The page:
Thursday, April 22, 2010
It's the readers who must be stupid, then.
Rosie Alison couldn't get a publisher to take an interest in her manuscript, and she was too proud to use her husband's connections to make them pay attention. She's married to the man who owns the Waterstone book shops that are scattered all over England. She wanted to make it on her own merits, on the merits of her writing.
Ten submissions to ten different publishers, and she was rejected every time. Not ready to throw in the towel, she sent out another round to the small independents, and one out of nine said yes.
The Very Thought Of You was published by England's Alma Books, a small place that accepts unagented manuscripts. A small operation, and Ms. Alison had next to no publicity for her book.
Yet it sold. It generated its own buzz because it is a good read. It's entertaining.
It's not what the literary agents and the big publishers are looking for. It's what the stupid readers must want, however, because the novel has been shortlisted for the Orange prize, right next to the likes of Hilary Mantel and Barbara Kingsolver.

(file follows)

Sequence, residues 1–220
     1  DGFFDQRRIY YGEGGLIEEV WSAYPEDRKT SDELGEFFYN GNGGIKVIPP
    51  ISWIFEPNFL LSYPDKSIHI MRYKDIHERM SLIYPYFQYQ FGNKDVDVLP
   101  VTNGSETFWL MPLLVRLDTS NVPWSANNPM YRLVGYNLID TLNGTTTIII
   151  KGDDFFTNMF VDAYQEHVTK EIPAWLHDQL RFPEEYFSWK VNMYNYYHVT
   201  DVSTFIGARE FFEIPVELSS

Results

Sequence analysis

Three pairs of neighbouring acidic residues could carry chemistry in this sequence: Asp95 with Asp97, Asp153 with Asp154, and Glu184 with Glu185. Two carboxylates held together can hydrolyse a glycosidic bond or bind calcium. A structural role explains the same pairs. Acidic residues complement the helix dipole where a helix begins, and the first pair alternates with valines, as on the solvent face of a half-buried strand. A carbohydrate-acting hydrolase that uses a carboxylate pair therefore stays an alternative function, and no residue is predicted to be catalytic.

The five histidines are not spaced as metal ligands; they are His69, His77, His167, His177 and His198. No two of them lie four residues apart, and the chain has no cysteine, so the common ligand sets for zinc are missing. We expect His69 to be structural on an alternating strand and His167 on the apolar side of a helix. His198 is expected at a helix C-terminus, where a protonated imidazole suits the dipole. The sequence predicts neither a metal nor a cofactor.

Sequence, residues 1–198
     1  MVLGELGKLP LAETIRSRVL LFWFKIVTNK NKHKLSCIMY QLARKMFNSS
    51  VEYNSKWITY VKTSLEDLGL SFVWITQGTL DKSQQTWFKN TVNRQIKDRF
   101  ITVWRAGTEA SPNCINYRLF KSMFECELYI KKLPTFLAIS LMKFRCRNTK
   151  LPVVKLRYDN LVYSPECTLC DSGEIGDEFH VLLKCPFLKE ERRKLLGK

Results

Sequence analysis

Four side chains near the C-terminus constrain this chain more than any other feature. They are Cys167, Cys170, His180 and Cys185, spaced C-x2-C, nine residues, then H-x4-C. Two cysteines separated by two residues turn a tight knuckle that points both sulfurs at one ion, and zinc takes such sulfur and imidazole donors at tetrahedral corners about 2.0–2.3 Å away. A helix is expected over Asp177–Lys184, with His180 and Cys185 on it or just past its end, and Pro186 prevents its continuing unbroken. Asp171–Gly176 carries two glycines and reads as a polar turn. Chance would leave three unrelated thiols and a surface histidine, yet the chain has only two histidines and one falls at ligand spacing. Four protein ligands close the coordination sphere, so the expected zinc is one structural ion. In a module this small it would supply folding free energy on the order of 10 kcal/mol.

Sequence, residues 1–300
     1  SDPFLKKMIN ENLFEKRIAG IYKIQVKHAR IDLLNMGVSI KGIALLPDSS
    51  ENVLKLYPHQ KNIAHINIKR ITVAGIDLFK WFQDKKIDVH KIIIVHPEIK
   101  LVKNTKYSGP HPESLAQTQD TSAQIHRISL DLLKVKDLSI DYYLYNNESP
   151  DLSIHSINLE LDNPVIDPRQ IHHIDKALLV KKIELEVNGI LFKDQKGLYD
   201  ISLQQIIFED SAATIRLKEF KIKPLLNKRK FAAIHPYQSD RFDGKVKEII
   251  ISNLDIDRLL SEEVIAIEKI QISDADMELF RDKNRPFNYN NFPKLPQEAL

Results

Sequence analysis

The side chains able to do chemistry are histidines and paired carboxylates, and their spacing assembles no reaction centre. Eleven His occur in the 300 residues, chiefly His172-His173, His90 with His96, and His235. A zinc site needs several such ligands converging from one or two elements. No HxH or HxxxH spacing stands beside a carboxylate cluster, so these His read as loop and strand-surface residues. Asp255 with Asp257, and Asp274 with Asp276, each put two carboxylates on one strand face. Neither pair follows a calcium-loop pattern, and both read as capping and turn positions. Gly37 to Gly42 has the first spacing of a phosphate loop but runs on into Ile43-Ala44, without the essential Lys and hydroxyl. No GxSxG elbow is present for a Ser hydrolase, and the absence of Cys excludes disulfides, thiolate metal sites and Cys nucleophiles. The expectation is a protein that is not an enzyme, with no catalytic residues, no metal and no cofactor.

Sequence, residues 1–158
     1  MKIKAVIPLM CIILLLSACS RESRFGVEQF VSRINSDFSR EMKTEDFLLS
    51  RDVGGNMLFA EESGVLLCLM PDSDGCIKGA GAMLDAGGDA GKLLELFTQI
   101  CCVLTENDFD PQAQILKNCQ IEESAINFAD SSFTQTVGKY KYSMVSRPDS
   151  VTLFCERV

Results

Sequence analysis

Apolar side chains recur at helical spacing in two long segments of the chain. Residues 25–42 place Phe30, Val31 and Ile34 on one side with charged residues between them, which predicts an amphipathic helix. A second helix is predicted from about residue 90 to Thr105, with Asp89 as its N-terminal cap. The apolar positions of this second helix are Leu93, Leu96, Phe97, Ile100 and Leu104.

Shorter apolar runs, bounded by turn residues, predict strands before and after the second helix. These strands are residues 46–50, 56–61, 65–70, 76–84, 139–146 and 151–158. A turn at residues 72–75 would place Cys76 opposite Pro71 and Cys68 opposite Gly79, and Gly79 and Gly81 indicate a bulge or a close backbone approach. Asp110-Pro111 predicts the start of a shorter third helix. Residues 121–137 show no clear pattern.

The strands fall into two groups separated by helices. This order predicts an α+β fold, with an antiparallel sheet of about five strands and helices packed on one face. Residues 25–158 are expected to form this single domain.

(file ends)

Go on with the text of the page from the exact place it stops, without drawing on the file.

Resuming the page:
Her book sold without getting a review in a major newspaper because a few people took a chance on it, read it, and then recommended it to their friends who must also be stupid readers. Stupid because they snapped up a book that actually told a story and didn't have a political axe to grind, a message to be pounded into thick skulls.
Orange Prize jury chair Daisy Goodwin gets it, and you'd be hard pressed to call her stupid. She's aware that readers love the book, just as she noticed that publishers had cranked out a lot of "grim, depressing" novels. The pleasure of reading, she noted, seems to have gone missing from the fiction shelves. When the stupid readers happen upon something enjoyable, they share the news with their friends, and The Very Thought Of You sold on that simple concept.
Yet the literary establishment continues to cheer for those "grim, depressing" collections of words, while the stupid readers vote with their wallets and buy what the literati have ignored.
Will they take a clue from Rosie Alison's success and re-consider what the public wants in a novel?
Stupid readers. Looking to be entertained when they pick up a book.